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  • NEW YORK POST REVIEW OF Show Boat

    ‘Show Boat’ still amazing thanks to Vanessa Williams and NY Philharmonic

    Elisabeth Vincentelli

    November 6, 2014: If you love Broadway’s classic scores, there’s no missing the New York Philharmonic’s semi-staged versions. So while the new Show Boat doesn’t always land, there are plenty of swoon-worthy moments — and who wouldn’t want to hear Vanessa Williams crooning while backed by a huge orchestra? Thought so. Jerome Kern and Oscar Hammerstein II’s 1927 work is widely considered the first modern integrated musical, meaning many songs help tell the story rather than being dropped in whenever it’s convenient. It also featured a racially mixed cast and dealt with such sensitive topics as miscegenation— the story spans almost four decades of life and love on a Mississippi show boat, the Cotton Blossom, where blacks and whites, entertainers and dock workers mingle.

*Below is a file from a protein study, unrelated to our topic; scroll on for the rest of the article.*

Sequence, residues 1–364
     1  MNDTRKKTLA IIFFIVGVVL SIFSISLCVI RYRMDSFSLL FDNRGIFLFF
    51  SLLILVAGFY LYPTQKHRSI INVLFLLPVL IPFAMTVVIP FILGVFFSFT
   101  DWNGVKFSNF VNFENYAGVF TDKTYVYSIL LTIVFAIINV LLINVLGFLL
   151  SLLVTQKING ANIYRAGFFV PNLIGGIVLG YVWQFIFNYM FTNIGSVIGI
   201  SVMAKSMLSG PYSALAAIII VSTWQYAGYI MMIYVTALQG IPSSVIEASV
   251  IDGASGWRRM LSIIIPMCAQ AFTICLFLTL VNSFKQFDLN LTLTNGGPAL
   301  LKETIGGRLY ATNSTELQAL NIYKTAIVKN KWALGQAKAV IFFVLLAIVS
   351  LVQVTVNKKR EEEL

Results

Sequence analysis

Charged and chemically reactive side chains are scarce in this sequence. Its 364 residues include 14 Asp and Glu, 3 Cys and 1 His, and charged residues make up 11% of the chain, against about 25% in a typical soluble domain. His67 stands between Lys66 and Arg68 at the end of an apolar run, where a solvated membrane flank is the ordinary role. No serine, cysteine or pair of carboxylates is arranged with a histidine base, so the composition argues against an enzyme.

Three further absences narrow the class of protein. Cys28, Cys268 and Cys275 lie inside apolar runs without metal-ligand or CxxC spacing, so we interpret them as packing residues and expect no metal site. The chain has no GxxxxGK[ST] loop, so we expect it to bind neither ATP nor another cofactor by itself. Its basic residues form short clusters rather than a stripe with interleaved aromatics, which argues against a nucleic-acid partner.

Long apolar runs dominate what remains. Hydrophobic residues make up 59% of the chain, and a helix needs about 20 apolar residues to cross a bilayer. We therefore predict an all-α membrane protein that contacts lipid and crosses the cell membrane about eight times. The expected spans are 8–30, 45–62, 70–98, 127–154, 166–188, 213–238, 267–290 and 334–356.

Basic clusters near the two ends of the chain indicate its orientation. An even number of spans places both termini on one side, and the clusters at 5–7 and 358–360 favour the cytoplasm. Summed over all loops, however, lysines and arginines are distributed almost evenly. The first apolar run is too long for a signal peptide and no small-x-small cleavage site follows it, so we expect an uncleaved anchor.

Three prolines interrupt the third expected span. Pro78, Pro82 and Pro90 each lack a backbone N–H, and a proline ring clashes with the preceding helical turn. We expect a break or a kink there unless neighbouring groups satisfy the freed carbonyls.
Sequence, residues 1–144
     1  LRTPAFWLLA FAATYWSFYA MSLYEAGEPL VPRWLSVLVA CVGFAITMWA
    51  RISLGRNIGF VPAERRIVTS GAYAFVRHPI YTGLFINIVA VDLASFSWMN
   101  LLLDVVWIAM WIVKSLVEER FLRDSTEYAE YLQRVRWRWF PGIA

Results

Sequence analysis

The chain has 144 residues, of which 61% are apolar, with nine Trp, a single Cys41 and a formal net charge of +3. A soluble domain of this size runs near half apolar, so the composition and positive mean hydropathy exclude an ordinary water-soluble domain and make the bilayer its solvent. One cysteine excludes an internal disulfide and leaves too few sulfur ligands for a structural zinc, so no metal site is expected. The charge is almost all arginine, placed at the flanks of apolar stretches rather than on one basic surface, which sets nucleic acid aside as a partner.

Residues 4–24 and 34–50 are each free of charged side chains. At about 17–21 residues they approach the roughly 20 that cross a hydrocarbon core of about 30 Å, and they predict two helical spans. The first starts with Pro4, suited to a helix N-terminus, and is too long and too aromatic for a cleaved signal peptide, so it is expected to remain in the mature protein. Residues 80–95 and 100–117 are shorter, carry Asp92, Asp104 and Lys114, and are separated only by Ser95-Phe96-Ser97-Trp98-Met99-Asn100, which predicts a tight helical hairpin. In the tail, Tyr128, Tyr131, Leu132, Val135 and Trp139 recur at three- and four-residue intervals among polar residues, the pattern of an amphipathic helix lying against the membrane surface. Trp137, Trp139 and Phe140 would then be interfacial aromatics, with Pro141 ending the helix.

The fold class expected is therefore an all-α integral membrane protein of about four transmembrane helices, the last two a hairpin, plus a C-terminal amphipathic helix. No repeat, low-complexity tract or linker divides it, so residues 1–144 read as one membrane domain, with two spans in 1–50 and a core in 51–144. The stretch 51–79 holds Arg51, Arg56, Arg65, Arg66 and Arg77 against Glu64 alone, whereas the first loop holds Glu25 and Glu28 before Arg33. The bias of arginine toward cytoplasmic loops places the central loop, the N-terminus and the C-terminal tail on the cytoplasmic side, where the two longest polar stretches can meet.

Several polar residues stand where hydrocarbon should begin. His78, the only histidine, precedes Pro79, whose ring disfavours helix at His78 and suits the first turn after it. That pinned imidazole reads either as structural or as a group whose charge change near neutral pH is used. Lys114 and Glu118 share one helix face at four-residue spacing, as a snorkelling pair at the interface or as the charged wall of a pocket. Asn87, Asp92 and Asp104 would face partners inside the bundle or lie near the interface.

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  • NEW YORK DAILY NEWS REVIEW OF Show Boat

    Lauren Worsham's performance drives N.Y. Philharmonic's revival of 'Show Boat', with Vanessa Williams and Norm Lewis

    Joe Dziemianowicz

    November 6, 2014: Thank heaven that Magnolia is in glorious full bloom in the New York Philharmonic’s Show Boat. Otherwise, conductor and director Ted Sperling’s concert staging is uninspired. But Lauren Worsham, a rising-star, silver-voiced Tony nominee for “A Gentleman’s Guide to Love and Murder,” breathes life into the lovestruck character of Magnolia. With beguiling clarity and depth, Worsham anchors this sprawling tale of hard knocks, racism and love gone wrong. The rest of the cast, including Vanessa Williams (Julie), Norm Lewis (Joe) and Julian Ovenden (Ravenal), need more gravity and emotional shading.

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  • HUFFINGTON POST REVIEW OF Show Boat

    Show Boat Sings (Thankfully)

    Michael Giltz